Review: BlackBerry Z10 for Verizon Wireless
The Z10 runs the brand new BlackBerry 10 operating system. We reviewed BlackBerry 10 in detail here. If you really want to know all there is to know about BB10, please read that review. If you're looking for the quick-and-dirty version, here goes.
BB10 includes a lock screen that provides messaging notifications, a clock, and a shortcut to the camera, but it cannot be customized. The main "home screen" is used for multitasking. It houses active tiles of the last eight applications opened by the owner; each tile provides a preview of that app and its content. The main app menu is a swipe to the right. Apps are listed in 4 x 4 grids on each page, and can be organized into folders if you wish.
The big element is BlackBerry Flow, which is a series of gestures that are used to move through the UI. The gestures take time to learn and master. The most significant of which is called BlackBerry Peek, which is used to see a preview of new messages and calls from within any app on the phone.
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A drop-down shade at the top provides access to controls such as the wireless radios and full settings tools. BB10 offers some customization options, but not as much as on Android or even Windows Phone. The wallpaper can be changed, there are multiple ringer profiles, and of course users can select their own ringtones, and so on. Users cannot customize the home screen.
Verizon did not (and, as with iOS and Windows Phone, cannot) do anything to molest the BB10 user interface, but it did add some of its own apps, such as My Verizon Mobile.
In terms of performance, the Z10 is quick and smooth. The UI flows from one screen to the next and I didn't notice any lagging or stuttering. I did see a few app crashes, though.Calls and Contacts
The phone app is not unlike that found on Android devices. It has a large software dialpad for punching in numbers, as well as quick access to the call log and contact database. It includes many of the features you're used to, such as send to Bluetooth, speakerphone, and mute.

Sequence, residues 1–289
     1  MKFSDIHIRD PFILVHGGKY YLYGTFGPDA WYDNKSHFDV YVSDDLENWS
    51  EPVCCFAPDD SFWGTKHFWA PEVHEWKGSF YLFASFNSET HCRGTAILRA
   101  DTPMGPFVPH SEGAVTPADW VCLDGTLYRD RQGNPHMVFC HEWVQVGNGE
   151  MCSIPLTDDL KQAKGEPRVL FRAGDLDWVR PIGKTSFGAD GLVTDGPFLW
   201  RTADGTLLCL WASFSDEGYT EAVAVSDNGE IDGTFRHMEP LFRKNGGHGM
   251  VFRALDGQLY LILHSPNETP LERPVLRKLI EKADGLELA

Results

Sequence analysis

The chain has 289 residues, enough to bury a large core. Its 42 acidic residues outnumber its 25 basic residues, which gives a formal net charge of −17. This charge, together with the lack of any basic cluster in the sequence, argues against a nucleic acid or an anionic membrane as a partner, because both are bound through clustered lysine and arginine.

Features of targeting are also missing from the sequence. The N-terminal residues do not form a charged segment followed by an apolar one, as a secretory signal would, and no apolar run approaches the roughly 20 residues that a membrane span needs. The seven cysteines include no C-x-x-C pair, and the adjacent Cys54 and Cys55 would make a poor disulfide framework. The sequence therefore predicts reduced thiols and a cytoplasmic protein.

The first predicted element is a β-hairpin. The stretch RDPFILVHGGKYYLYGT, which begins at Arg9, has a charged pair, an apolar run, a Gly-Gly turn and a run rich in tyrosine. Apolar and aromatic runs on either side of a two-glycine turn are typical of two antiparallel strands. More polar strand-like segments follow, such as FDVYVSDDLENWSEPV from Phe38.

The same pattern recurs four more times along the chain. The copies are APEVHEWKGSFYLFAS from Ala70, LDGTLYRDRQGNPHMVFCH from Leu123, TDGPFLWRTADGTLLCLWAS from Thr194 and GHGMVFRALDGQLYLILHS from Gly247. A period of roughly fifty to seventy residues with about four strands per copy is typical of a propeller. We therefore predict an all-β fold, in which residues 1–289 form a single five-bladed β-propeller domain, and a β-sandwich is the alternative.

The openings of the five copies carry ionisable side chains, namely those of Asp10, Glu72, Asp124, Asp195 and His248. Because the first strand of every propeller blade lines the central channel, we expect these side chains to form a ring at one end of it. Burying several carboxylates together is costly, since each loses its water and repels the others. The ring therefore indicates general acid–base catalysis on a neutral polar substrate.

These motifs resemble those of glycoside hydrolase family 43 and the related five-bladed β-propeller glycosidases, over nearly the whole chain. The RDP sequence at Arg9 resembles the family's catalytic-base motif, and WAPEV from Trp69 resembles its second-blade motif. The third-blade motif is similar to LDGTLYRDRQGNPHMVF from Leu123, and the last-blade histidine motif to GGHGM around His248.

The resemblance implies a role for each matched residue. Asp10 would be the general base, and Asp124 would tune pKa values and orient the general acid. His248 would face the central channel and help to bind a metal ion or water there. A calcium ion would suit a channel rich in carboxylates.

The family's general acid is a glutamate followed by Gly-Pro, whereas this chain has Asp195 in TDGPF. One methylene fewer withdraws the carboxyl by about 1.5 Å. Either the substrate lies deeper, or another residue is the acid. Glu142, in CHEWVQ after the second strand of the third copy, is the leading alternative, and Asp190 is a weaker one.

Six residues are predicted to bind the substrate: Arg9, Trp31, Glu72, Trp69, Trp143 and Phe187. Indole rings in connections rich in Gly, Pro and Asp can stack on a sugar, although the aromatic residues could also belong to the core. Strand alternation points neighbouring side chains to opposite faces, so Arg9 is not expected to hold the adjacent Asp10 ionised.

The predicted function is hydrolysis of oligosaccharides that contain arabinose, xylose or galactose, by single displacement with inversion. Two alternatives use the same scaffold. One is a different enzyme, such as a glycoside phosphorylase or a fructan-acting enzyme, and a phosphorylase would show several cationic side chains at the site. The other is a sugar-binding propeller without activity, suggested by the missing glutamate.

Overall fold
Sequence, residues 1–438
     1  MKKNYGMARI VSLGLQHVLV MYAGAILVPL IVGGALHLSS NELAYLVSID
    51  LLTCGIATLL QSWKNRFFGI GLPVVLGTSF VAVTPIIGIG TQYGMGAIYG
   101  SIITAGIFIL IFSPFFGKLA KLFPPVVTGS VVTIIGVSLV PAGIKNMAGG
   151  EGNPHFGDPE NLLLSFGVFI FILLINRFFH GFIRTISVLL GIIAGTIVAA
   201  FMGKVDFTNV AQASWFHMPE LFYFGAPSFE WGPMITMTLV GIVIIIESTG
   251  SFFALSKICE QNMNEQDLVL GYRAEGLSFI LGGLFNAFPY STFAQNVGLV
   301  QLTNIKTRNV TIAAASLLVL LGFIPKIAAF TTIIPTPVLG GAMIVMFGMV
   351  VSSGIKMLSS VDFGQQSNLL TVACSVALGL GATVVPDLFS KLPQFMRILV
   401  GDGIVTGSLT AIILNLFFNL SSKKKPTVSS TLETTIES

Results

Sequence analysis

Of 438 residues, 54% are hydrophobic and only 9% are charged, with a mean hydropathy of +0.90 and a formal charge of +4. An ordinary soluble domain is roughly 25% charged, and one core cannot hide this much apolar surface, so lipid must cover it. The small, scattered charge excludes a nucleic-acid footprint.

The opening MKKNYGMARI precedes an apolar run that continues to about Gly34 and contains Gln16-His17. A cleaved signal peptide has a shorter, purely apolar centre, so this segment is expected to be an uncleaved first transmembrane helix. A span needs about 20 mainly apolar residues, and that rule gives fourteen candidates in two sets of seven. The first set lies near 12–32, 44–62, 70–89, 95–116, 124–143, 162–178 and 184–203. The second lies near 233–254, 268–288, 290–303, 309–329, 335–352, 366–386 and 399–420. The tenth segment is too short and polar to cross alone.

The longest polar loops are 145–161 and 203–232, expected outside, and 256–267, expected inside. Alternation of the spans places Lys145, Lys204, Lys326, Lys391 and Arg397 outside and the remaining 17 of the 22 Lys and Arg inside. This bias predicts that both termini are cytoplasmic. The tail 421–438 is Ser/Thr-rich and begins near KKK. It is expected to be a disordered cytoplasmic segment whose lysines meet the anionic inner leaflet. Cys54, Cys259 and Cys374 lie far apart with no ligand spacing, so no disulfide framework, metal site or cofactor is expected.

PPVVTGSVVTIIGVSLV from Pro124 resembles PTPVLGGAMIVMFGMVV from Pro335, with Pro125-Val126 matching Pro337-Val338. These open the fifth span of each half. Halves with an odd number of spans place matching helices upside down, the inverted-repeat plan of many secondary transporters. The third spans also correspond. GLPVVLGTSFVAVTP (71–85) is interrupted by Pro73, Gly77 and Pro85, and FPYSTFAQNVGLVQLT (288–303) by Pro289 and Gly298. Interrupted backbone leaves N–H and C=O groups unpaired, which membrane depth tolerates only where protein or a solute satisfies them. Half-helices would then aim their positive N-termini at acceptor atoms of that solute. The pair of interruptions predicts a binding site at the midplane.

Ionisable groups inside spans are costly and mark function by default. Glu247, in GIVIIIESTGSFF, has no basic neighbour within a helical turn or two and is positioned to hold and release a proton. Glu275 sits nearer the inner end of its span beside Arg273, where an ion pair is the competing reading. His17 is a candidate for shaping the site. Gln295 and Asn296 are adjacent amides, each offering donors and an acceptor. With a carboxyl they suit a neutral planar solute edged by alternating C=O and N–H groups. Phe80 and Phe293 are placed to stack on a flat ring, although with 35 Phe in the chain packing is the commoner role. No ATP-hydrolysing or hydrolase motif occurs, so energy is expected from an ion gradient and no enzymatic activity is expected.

The contacts app is much more visually pleasing than the older BB7 app, and syncs with far more accounts. The contact app can pull in data from Twitter, Facebook, and LinkedIn, in addition to your IMAP or other email service. I like that the app offers a peek at your recent communiques with various contacts and makes it easy to call or message them.
BB10 includes the all-new BlackBerry Hub. It's a universal inbox for absolutely all of your communication needs.
The Hub handles email, SMS, MMS, IM, BBM, LinkedIn, Twitter, and Facebook. It is your one-stop shop for all messaging tasks, be they long-winded or limited to 140 characters. You can view all of your messages jumbled together in one large heap, or separate them into their respective inboxes. All of the messaging inboxes offer threaded views, attachments, and the same basic set of tools for composing and controlling them.
The Hub itself can be customized in that you can turn some inboxes on or off at will, as well as arrange how they appear in the Hub. You can also get a glimpse of what's in the Hub from any app by using a specific "upside-down L" swiping gesture. It's a neat way to be able to see what's going on in your inbox without necessarily leaving the task at hand. The gesture can be a bit tricky, though.
Social networking is built in to the sharing features of the OS as long as you sign into your various accounts in the set-up pages. Of course, separate apps are available for Facebook, Twitter, and so on. They function just like they do on Android and iOS phones.